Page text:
What this means is you don’t have to believe that these issues “come with the territory” but you can work to resolve these challenges by restoring your body to proper levels of vitamins and minerals.

Sleep Disorders

Yes, a sleep disorder can cause early morning awakenings. The question is, what is causing the sleep disorder? In most cases, it is not anxious thinking, old age, or pregnancy.

As you’ve learned so far in this article, the root of most sleep disorders has to do with your biochemistry. Your brain isn’t getting what it needs in order to perform the function of sleeping fully and well.

The other common cause of a sleep disorder is an anatomical issue that impacts your breathing. Luckily, both of these challenges can be treated.

Sleep Apnea: Anatomic or Neurologic Problem?

Whether or not you are already familiar with the term “sleep apnea,” this condition could be playing a role in your life and health, without you even knowing it!

Most people think of sleep apnea as an anatomical issue related to snoring, where breathing repeatedly stops during sleep. If there are physical issues preventing you from breathing properly during sleep, then it must be treated, often via CPAP machine, which is designed to open up your airway while sleeping.

But what if you had an anatomic issue and didn’t know it? What if there was no snoring at all?

For this reason, I recommend that everyone have an airway examination done by a Sleep Dentist, in order to rule out airway issues as a root cause of your sleep challenge.

That said, it is possible to struggle with a type of sleep apnea that is related to a deficiency of the brain chemicals we use to sleep normally. And that deficiency can lead to early morning awakenings.

I noticed this phenomenon as a neurologist treating what would be otherwise “healthy” mothers in their early twenties who were struggling with daytime tiredness and chronic fatigue.

It turned out that the brain was trying to go into REM (rapid eye movement) sleep, but they were missing the chemicals they needed to make a seamless transition into that vital phase of sleep.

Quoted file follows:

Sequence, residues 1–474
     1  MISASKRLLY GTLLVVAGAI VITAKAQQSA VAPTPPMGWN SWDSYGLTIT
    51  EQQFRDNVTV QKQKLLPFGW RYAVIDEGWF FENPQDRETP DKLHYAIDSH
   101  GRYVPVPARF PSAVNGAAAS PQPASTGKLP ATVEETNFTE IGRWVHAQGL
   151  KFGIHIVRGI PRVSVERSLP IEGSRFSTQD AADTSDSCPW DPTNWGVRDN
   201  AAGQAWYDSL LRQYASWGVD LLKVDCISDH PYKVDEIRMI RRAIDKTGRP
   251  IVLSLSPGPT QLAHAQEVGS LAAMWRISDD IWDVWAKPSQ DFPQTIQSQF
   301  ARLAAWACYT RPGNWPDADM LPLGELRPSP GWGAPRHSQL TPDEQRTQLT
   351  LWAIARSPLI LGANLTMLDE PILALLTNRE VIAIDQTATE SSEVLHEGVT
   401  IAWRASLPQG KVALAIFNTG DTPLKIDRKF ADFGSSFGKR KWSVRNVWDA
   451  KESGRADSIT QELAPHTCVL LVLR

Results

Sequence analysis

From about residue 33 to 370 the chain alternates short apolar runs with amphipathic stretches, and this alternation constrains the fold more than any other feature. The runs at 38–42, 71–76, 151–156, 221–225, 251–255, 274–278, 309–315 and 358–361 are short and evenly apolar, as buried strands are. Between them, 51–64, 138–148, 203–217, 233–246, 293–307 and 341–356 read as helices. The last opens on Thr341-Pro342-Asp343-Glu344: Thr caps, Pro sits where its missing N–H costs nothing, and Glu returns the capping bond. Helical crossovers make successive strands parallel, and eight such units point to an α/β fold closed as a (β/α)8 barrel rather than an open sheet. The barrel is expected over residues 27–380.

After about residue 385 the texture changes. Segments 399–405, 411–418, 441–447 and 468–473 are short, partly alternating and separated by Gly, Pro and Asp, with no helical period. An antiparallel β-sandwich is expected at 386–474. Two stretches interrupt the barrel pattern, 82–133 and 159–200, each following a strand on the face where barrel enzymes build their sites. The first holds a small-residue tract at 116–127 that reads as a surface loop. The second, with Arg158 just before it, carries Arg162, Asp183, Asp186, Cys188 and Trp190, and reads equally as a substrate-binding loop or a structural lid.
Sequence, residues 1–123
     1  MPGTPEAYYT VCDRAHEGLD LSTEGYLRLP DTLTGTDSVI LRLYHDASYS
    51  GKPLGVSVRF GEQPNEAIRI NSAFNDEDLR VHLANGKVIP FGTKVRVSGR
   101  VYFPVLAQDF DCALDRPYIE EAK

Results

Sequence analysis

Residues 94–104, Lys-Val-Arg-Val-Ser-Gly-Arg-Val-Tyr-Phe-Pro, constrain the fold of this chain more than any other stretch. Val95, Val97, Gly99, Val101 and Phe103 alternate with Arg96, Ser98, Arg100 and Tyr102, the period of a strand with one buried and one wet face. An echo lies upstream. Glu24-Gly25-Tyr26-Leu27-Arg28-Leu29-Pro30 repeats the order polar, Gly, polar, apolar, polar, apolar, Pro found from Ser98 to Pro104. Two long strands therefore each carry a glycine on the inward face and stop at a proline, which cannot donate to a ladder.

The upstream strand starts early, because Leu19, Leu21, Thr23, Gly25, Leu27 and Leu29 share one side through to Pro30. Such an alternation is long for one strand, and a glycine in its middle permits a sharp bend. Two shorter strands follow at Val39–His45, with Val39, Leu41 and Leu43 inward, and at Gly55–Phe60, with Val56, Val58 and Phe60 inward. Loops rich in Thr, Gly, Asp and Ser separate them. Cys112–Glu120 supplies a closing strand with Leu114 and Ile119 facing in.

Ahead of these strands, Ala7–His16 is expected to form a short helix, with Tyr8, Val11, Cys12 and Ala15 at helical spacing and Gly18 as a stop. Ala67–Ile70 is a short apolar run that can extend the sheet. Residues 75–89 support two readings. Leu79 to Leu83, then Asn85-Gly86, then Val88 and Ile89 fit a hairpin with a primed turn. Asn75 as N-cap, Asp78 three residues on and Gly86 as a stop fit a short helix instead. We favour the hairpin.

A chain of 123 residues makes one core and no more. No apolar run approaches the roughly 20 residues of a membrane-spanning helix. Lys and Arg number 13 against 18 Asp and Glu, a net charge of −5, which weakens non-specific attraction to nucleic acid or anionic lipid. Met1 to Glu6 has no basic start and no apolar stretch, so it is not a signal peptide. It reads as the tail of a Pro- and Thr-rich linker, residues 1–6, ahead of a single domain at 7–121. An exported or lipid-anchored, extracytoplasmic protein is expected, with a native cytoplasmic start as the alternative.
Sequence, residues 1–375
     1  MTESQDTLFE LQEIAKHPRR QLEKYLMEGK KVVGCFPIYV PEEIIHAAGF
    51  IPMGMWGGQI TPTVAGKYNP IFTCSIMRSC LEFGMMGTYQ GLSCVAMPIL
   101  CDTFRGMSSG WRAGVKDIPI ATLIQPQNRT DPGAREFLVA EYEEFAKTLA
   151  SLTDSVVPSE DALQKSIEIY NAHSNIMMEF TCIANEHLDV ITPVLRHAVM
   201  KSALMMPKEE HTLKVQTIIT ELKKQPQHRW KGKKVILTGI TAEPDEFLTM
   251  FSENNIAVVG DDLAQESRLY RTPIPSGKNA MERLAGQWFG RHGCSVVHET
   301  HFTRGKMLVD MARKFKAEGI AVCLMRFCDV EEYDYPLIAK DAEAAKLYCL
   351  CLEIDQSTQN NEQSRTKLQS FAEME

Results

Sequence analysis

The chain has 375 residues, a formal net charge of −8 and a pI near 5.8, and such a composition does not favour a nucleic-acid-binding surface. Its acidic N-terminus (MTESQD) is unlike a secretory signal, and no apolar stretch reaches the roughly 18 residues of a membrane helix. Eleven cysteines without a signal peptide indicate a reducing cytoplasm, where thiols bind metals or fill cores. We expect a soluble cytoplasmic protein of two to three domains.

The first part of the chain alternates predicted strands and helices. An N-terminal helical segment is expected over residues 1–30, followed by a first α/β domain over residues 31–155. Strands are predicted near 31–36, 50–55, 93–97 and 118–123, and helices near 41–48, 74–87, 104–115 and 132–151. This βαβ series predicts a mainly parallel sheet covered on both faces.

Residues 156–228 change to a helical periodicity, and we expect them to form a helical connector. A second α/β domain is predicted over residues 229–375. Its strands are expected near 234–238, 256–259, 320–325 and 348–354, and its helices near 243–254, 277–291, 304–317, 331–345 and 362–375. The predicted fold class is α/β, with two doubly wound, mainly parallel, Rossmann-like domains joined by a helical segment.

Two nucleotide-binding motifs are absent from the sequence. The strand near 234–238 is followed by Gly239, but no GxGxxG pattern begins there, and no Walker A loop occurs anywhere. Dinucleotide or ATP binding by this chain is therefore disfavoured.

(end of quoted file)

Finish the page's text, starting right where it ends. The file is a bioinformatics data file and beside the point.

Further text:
In other words, due to not having the neurotransmitters to support the task, these women were experiencing interruptions in the 2nd half of the sleep cycle, which is all about consolidating memories and maintaining a healthy, focused mind.

This article also notes that relatively mild REM-related apnea can interrupt the sleep-repair process and cause problems with health and wellbeing.


When we think of insomnia we often think about not falling asleep in the first place, but insomnia can also play a role in early morning awakenings.

In fact, Sleep Maintenance Insomnia, is a term that describes a person who wakes up and has trouble falling back to sleep.

This can happen in the middle of the night, right at the start of your REM cycle at 3:00 am. You may have the desire to sleep more but feel “too awake” to sleep, in spite of your fatigue.

All of these challenges can occur because the brain doesn’t have what it needs to perform its job, which is to help you fall asleep easily and rest deeply so you can wake up with energy ready to seize the day.

How To Stop Waking Up Too Early

In the beginning of this article, we noted the common reasons you may be told that you wake up too early.

  • stress, anxiety, worry
  • age-related changes
  • pregnancy
  • sleep disorders

There are really only 2 core reasons for your early morning awakenings. You could be experiencing either one of these or both.

  • Physical
    • To rule out an anatomical airway problem, if you haven’t already, see a Sleep Dentist who can evaluate your airway.
    • For some people with less severe breathing problems, mouth tape is a solution that can open up nasal passages for better quality sleep
  • Biochemical
    • If you have ruled out airway as an issue, or if you are using a CPAP machine but still not achieving restorative sleep, ensuring your brain has what it needs to sleep normally is your next step.

Restoring your sleep, by optimizing your brain’s ideal chemistry, can resolve your early awakenings, leading to better mental and physical health, increased energy, focus, reduced inflammation, reduced chronic pain, and resolution of gut issues.